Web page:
Facing mandatory furloughs and an uncertain future, members of the newsroom at the Billings Gazette on Thursday announced the formation of a union campaign in hopes of gaining a voice in the decisions made by the newspaper’s corporate owner.
The Gazette is Montana’s largest print paper and one of five in the state owned by Lee Enterprises. The company has roughly three weeks to issue a response.
“We’ve been organizing for the past six months, but it’s been years in the making,” said Anna Paige, a Gazette reporter and the communications coordinator for the Montana News Guild. “At this point, we’re waiting for a response (from Lee). We hope they voluntarily recognize the union.”
Of the 21 employees who are eligible at the Billings Gazette, 19 have confirmed their intent to join the guild, according to Paige. Like other newsrooms across the country, including those in Montana, the paper has seen its ranks diminish over the past decade due to layoffs and buyouts.
“We have seen plenty of fellow journalists be let go, laid off and offered buyouts,” said Paige. “Our industry has shrunk by half in the past two decades, which mirrors national trends. We haven’t had cost of living increases across the board in many years and our health insurance costs are incredibly high.”
While forming a guild isn’t a magic bullet, Paige said, it could give the newspaper’s journalist a voice in future decisions regarding furloughs, layoffs and other issues.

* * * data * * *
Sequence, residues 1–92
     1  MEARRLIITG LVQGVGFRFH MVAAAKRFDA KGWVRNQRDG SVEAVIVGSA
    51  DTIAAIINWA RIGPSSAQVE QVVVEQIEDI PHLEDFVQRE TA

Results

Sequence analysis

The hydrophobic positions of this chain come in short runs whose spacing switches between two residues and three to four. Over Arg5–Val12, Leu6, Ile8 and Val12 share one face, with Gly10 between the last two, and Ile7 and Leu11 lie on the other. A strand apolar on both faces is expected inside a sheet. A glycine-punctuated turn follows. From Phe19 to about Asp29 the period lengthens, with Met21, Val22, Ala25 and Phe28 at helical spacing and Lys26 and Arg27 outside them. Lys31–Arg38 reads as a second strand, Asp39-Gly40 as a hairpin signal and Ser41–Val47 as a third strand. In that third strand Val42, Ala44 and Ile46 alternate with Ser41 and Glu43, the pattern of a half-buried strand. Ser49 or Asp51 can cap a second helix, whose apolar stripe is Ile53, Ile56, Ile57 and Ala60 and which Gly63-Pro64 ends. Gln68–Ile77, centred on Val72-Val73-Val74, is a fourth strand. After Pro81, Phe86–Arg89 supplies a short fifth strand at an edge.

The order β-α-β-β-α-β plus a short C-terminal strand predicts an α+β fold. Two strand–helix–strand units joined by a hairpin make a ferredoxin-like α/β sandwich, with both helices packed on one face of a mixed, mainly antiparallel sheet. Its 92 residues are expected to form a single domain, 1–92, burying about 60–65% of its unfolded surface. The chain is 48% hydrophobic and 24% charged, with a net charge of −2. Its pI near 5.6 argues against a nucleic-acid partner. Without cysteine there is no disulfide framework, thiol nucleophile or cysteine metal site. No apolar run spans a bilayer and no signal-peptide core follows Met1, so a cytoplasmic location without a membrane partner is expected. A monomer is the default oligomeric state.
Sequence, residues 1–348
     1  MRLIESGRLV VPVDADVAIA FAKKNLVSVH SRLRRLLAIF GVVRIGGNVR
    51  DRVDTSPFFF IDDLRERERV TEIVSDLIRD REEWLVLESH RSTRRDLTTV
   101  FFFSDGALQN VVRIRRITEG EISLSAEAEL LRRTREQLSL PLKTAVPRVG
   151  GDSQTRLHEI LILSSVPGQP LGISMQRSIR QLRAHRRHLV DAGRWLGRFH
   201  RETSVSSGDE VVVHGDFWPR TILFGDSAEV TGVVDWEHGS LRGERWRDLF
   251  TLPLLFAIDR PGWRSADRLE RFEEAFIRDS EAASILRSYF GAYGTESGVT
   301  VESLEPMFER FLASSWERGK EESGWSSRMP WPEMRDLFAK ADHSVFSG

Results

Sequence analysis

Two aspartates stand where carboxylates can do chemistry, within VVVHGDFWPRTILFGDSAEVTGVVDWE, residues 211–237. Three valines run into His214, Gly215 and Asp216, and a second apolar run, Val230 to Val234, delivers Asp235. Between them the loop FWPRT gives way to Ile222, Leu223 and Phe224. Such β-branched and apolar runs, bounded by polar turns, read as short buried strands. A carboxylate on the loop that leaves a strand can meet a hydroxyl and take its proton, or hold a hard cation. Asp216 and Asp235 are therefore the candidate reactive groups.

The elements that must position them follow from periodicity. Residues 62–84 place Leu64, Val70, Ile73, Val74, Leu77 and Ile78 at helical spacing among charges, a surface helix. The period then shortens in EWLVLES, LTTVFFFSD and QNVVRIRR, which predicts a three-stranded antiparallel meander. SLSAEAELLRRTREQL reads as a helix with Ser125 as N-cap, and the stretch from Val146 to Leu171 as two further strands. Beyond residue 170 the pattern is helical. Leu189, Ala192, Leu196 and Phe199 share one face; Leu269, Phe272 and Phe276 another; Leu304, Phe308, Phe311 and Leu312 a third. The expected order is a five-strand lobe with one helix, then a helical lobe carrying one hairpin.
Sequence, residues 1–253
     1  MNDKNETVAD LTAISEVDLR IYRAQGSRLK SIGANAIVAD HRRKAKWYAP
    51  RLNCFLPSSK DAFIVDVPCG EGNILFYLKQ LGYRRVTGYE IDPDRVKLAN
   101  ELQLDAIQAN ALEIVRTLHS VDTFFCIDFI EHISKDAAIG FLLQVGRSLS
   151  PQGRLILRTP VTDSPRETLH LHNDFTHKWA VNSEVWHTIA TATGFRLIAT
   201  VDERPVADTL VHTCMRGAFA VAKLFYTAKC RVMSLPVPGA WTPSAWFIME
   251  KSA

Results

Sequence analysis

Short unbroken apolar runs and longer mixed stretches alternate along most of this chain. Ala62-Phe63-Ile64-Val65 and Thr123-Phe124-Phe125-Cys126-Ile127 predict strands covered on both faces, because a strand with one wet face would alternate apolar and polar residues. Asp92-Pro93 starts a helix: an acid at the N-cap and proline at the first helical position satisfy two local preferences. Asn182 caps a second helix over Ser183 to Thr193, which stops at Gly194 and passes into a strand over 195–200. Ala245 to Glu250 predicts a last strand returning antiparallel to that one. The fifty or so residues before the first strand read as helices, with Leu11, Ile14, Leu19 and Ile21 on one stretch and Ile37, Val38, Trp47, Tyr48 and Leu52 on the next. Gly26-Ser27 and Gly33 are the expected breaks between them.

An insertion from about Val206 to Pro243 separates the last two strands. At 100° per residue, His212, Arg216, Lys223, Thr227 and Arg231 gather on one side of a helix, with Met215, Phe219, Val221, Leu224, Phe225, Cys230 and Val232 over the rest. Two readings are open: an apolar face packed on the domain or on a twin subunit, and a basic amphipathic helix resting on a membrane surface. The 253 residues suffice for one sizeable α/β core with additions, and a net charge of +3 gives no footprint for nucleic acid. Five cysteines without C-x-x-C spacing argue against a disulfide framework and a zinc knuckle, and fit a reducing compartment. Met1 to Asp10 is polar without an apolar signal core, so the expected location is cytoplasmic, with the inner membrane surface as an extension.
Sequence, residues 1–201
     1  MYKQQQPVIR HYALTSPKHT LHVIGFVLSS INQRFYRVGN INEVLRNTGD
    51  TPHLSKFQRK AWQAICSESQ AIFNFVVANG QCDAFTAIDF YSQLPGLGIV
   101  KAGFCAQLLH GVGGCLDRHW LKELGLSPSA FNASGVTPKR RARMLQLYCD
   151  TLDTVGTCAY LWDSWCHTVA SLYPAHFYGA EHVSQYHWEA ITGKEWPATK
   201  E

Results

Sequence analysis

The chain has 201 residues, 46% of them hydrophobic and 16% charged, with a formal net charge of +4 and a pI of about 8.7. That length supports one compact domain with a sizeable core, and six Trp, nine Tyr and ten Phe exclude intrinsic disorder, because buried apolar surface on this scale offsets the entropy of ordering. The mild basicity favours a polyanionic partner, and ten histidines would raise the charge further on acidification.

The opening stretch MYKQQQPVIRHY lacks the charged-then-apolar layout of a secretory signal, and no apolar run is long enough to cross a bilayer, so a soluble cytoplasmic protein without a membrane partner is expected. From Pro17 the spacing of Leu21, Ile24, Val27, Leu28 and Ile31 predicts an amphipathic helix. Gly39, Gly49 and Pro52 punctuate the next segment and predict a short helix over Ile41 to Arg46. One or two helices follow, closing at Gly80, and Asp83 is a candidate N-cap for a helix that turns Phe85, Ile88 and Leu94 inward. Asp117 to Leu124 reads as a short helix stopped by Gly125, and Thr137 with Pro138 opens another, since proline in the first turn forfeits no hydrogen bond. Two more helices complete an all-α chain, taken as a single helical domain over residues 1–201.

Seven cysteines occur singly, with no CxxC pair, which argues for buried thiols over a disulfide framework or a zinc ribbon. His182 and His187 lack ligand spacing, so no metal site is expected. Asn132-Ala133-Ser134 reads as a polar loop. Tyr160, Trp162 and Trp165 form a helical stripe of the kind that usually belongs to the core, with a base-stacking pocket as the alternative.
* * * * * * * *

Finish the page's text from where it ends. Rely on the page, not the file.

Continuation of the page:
“We’d like to be able to bargain and negotiate with the company when mandatory furloughs come into play,” said Paige. “We understand that sacrifices need to be made for the industry to survive, but we don’t have a voice in that conversation and it really did push us toward getting this union announced.”
Lee Enterprises has successfully defeated efforts by newsroom staffers to unionize over the past 10 years. In the past, reporters at the Missoulian considered a similar move but were dissuaded by corporate officials.
More recently, staffers at the former Missoula Independent voted to unionize after Lee Enterprises purchased the weekly paper in 2017. The company closed the paper a year later and locked its employees out of the office without notice.
But the Casper Star Tribune, also owned by Lee, successfully unionized several years ago. Paige said it has served as a model for members of the Montana News Guild at the Billings Gazette.
“They have successful unionized and negotiated with the company for pay raises and concessions during furlough,” said Paige. “They have been a good guide for us and we support our fellow newsrooms in their efforts going forward if this is a path they want to take. Casper was instrumental in supporting us.”
While the company has made deep cuts to its newsrooms, it has handed its top executives sizable salaries and compensation packages. Among them, LEE CEO Kevin Mowbray earned more than $1.8 million in 2019 while the salary for other top executives ranged from $541,000 to $959,000.
Bonuses to the top five Lee executives in 2019 also ranged from $96,000 to $449,000. Those salaries and bonuses have often been a source of contention among the company’s journalists, who have forgone pay raises while watching as coworkers lost their jobs.
“For too long we have seen our corporate out-of-state employer, Lee Enterprises, cut our staff and raise our medical costs while providing few, if any, cost of living increases,” the guild’s organizing committee said in a statement. “We believe that through unionizing, we can create a more stable environment for local news to grow.”